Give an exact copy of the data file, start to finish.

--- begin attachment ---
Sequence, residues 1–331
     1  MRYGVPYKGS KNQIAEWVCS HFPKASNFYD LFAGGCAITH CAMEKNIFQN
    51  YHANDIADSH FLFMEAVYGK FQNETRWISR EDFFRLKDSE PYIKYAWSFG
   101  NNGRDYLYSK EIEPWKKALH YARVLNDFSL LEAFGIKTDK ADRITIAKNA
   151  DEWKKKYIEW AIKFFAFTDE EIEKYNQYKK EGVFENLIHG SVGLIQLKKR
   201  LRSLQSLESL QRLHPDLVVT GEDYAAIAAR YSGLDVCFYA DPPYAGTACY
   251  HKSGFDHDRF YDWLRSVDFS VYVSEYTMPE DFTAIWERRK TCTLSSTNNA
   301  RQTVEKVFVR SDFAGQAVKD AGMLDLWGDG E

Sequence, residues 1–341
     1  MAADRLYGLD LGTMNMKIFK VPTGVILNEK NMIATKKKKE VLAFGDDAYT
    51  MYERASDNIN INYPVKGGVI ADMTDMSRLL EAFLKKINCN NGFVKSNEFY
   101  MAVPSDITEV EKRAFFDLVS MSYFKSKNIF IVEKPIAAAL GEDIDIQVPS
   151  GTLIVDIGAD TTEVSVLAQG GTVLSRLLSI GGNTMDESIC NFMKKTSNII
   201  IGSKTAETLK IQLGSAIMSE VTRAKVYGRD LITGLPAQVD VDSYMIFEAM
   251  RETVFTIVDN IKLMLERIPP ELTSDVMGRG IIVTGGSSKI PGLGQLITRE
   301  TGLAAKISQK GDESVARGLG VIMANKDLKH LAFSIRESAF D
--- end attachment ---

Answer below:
Sequence, residues 1–331
     1  MRYGVPYKGS KNQIAEWVCS HFPKASNFYD LFAGGCAITH CAMEKNIFQN
    51  YHANDIADSH FLFMEAVYGK FQNETRWISR EDFFRLKDSE PYIKYAWSFG
   101  NNGRDYLYSK EIEPWKKALH YARVLNDFSL LEAFGIKTDK ADRITIAKNA
   151  DEWKKKYIEW AIKFFAFTDE EIEKYNQYKK EGVFENLIHG SVGLIQLKKR
   201  LRSLQSLESL QRLHPDLVVT GEDYAAIAAR YSGLDVCFYA DPPYAGTACY
   251  HKSGFDHDRF YDWLRSVDFS VYVSEYTMPE DFTAIWERRK TCTLSSTNNA
   301  RQTVEKVFVR SDFAGQAVKD AGMLDLWGDG E

Sequence, residues 1–341
     1  MAADRLYGLD LGTMNMKIFK VPTGVILNEK NMIATKKKKE VLAFGDDAYT
    51  MYERASDNIN INYPVKGGVI ADMTDMSRLL EAFLKKINCN NGFVKSNEFY
   101  MAVPSDITEV EKRAFFDLVS MSYFKSKNIF IVEKPIAAAL GEDIDIQVPS
   151  GTLIVDIGAD TTEVSVLAQG GTVLSRLLSI GGNTMDESIC NFMKKTSNII
   201  IGSKTAETLK IQLGSAIMSE VTRAKVYGRD LITGLPAQVD VDSYMIFEAM
   251  RETVFTIVDN IKLMLERIPP ELTSDVMGRG IIVTGGSSKI PGLGQLITRE
   301  TGLAAKISQK GDESVARGLG VIMANKDLKH LAFSIRESAF D